Is It Safe To Douche? Despite The Myths, You May Not Want To

The great douching debacle has been plaguing women for a number of years now. To douche or not to douche? Many women do it after getting their period, having sex, or noticing an odor in their vagina. Vaginal washing and soaking in the form of a douche has been around for eons, however it's the solutions that have changed over the years. Are they safe and is it safe to douche?

According to Medicine Net, vaginal douching is the practice of flushing or washing out the vagina. The solutions sold now are generally pre packaged and contain vinegar, baking soda, or iodine. At home you'd follow the directions on the box, mix it up, and insert the tip of the squeeze bottle or bag into your vagina and squeeze the solution into the vaginal cavity.

Additionally, Web MD noted that 20 to 40 percent of American women have used a vaginal douche. Higher rates were seen in teens, African-American, and Hispanic women although why this is the case is unknown. Besides just wanting to feel clean, many women believe douching after sex prevents pregnancy and sexually transmitted diseases, which the same Web MD article explained that douching is absolutely not effective for those purposes. In fact, it explicitly stated that douches could actually harm you more than help you and they are generally not recommended by health care professionals.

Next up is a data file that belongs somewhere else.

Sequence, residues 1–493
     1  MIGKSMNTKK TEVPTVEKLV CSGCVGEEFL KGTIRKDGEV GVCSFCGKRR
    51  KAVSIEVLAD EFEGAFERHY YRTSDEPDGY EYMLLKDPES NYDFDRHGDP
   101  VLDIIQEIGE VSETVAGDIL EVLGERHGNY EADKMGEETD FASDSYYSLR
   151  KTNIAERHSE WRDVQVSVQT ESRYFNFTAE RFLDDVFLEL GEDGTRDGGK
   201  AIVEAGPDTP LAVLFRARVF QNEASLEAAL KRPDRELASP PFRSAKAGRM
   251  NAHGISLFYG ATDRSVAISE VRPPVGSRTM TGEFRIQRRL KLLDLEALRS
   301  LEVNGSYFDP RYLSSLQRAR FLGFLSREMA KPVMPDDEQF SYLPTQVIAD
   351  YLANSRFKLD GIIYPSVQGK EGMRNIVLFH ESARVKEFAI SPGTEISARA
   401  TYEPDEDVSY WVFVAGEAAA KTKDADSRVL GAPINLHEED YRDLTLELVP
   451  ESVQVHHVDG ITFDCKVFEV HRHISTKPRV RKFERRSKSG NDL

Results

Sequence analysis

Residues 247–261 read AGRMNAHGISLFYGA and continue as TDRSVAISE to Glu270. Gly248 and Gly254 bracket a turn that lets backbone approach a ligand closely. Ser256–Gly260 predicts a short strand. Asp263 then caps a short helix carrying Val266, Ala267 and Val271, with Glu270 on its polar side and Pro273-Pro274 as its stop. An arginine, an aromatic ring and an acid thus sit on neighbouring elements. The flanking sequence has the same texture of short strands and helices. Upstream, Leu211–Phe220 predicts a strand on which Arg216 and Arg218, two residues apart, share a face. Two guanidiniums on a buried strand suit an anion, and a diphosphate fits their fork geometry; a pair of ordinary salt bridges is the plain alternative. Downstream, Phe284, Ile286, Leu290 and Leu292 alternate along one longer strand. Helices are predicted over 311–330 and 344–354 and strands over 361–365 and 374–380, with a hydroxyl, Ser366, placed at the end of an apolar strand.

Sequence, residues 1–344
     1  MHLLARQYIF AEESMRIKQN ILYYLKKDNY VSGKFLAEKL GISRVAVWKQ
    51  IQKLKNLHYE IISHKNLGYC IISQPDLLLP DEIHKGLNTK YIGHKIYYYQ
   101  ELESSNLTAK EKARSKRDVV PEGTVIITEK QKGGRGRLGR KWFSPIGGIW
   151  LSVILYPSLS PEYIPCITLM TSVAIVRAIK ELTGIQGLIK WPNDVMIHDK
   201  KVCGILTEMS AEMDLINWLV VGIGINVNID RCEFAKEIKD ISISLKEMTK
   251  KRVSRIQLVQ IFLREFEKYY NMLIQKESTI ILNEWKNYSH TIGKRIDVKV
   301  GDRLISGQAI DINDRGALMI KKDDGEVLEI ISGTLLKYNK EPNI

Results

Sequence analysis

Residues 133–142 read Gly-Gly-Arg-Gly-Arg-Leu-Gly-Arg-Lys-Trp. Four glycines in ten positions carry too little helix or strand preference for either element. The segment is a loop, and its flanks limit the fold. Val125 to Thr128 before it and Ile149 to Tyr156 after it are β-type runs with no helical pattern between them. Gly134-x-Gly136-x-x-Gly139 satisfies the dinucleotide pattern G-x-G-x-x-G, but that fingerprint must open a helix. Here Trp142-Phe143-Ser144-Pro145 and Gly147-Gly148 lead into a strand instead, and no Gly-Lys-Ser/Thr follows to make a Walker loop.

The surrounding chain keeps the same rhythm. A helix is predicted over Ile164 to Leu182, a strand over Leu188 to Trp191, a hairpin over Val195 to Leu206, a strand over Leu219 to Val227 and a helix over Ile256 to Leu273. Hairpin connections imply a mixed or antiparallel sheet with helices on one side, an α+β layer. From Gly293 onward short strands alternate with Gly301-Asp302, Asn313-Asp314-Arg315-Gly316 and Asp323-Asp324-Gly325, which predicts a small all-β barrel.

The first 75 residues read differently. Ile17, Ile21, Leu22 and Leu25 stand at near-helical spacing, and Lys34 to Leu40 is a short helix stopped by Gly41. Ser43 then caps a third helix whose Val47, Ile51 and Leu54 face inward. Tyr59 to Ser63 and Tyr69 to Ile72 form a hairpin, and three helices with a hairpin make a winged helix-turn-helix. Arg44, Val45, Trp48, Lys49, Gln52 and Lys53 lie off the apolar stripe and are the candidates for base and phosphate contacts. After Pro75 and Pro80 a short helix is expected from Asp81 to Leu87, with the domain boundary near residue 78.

According to the Women's Health website, douching gets rid of your vagina's natural and necessary bacteria. It explained that a healthy vagina has good and bad bacteria so as to create an acidic environment to ward off infections. Douching can actually cause harmful conditions as noted on the site such as: bacterial vaginosis, pelvic inflammatory disease, and problems during pregnancy like ectopic pregnancy and preterm labor. The same Web MD article also noted that recent research suggests there might be a link between douching and cervical cancer.

So what to do if your vagina smells funny or you have some itching or burning? The Women's Health site explained that those symptoms could actually be the signs of an infection, and it's best to call your doctor about them immediately. It noted that if you douche to deal with these symptoms it might be harder for a nurse or doctor to determine what's actually wrong. All of the latest research points to douches generally not being recommended for women, but if you still want to give it a whirl it's best to consult your doctor first to determine the safest solution and frequency for your body.